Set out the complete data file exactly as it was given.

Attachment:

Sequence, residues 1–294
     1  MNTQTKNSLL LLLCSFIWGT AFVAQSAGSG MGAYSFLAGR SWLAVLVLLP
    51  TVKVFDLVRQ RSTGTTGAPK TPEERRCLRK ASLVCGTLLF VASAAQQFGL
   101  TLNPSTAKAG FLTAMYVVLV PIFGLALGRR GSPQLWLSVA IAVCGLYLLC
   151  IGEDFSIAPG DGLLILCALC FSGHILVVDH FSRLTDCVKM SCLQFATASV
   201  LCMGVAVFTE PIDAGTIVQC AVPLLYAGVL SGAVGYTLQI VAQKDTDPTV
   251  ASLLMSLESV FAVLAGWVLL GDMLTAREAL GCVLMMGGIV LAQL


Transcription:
Sequence, residues 1–294
     1  MNTQTKNSLL LLLCSFIWGT AFVAQSAGSG MGAYSFLAGR SWLAVLVLLP
    51  TVKVFDLVRQ RSTGTTGAPK TPEERRCLRK ASLVCGTLLF VASAAQQFGL
   101  TLNPSTAKAG FLTAMYVVLV PIFGLALGRR GSPQLWLSVA IAVCGLYLLC
   151  IGEDFSIAPG DGLLILCALC FSGHILVVDH FSRLTDCVKM SCLQFATASV
   201  LCMGVAVFTE PIDAGTIVQC AVPLLYAGVL SGAVGYTLQI VAQKDTDPTV
   251  ASLLMSLESV FAVLAGWVLL GDMLTAREAL GCVLMMGGIV LAQL